You’ve welcomed your new baby. Spent your parental leave getting to know your bundle of joy and learning the new role of parent. Now it’s time to return to work. Do you look forward to this transition with joy and optimism; or anticipate it with fear and anxiety? Both are normal reactions, and neither is indicative of how your return to work will actually go.
Parents aren’t the only ones concerned. According to a 2017 report by Ovia Health, 34 percent of women didn’t return to their jobs after having a child. Earlier this year, New York University published research finding nearly half of new mothers and one-quarter of new fathers leave full-time STEM jobs after having children. Happily, with the tight labor market, companies wanting to retain their talent are motivated to ensure a positive return to work for new parents.
Tips for the Parents
Sleepless nights, unpredictable morning routines, pumping milk, a work wardrobe that no longer fits the same, oh – and your heart now living outside of your body. It’s a lot. Plan, plan, plan — and be prepared for the unexpected. It goes without saying finding childcare is critical. Following are some tips for self-care, too.
- Plan and Prepare Meals – Remember how hard it was to plan and prep meals when baby first came home? This transition will be similar.
- Practice – Do a dry run (or two) of your new morning routine. Set your alarm, get yourself and your baby ready, then actually make the drive. This allows for making adjustments before the big day arrives. (Hint: you’ll most likely need to get up earlier than anticipated and do prep work the night before.)
- Get Pumping – Do yourself and your baby a favor and start pumping and freezing weeks ahead of your return. As new mother Diana Mathews, Designer at Flourish Spaces, tells Parentology, “I wish I’d had more milk stored up… I wasn’t prepared for production to drop so drastically and quickly.”
- Plan Rewards – Schedule a lunch out with co-workers, pick up your favorite coffee or indulge in a massage.
- Be Open – You’re now balancing two jobs. Just as it’s taken time to learn the parent role, learning to juggle career and parenthood take time.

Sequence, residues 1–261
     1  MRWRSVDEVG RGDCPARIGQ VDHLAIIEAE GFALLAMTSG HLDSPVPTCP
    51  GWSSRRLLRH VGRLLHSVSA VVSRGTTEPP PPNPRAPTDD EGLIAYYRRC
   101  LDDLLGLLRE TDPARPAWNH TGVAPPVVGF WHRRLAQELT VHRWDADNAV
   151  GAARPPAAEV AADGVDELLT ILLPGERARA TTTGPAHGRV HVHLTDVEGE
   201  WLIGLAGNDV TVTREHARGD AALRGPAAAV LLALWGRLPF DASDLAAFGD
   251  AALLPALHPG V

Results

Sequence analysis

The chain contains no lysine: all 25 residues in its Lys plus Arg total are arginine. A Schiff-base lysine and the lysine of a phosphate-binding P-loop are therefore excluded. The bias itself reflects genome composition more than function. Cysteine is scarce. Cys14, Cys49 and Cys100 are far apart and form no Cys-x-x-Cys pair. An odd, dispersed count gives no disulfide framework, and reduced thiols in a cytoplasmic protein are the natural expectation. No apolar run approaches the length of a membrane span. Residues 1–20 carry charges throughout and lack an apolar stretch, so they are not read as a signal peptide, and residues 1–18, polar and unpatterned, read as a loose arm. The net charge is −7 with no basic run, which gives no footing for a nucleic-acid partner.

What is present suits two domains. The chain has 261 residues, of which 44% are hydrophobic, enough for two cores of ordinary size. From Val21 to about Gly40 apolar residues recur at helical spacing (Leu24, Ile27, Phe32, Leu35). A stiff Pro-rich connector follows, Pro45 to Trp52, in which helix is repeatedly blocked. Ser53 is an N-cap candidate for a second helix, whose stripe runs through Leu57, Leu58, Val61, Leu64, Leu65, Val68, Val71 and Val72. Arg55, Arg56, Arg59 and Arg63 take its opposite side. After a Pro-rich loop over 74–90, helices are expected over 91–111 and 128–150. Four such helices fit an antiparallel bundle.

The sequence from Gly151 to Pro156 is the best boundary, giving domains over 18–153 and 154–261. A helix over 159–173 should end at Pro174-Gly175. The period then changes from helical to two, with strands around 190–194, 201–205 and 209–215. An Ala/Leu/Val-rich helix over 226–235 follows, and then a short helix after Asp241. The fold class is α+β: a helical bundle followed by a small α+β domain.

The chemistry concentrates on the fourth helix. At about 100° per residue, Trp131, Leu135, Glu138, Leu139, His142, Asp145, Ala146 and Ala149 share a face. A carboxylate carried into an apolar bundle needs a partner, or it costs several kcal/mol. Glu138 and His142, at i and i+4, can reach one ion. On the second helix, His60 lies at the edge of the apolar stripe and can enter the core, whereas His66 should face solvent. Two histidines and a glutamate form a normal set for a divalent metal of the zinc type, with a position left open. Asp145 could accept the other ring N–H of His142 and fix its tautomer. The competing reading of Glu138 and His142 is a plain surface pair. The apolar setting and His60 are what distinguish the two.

Tips for Employers
One of the biggest components of ensuring a positive return to work for new parents is viewing the transition as a process starting before parental leave ends and extends beyond the first few weeks back.
- Stay Connected – Check-in during the parental leave to see how things are going and address any concerns the new parent may have about returning to work. The intent is to stay connected; not to make them feel they need to do work or hasten their return.
- Plan the Return – It’s a good idea to meet with the employee (perhaps over coffee) away from the office the week before their planned return. Share any changes that occurred during their absence (office moves, new clients/projects, etc.), answer questions and review the transition plan.
- Structured (but not too structured) Re-entry – Allow the employee some flexibility when they return — perhaps have them start back on a Wednesday or Thursday. If possible, a few half-days followed by a week of partial days will allow the employee to adjust to their new routines. The flexibility of working from home on occasion can also go a long way. Mathews states, “I wish I’d eased back into working a little slower. I only work four days a week now and that’s helped.”
- Support Pumping – A comfortable and private location for pumping is key. This could be as easy as adding a lock to a private
office,or allowing the use of a quiet conference room with a lock.
In a Nutshell
Regardless of whether you’re the parent or employer, the most important thing for making a return to work a positive experience is being gentle. Flexibility and open communication will go a long way.
*Jennifer Perrow is the founder of JRP Leadership Coaching, which helps business owners and their management teams eliminate overwhelm, manage priorities and create the infrastructure to achieve their goals.
Parental Leave Return to Work: Tips for Parents and Employers — Sources
Diana Mathews, Evelyn’s Mom, Designer at Flourish Spaces
Fast Company: Three Things New Parents Need to Return to Work Successfully
Happy You, Happy Family: 9 Secrets for a Successful Return to Work
Life As a Vroom: 7 Ways to Return to Work
Broad Perspective Counseling: Your 4th Trimester
Motherhood in America: 2017 Report
PNAS: The Changing Career Trajectories of Parents in STEM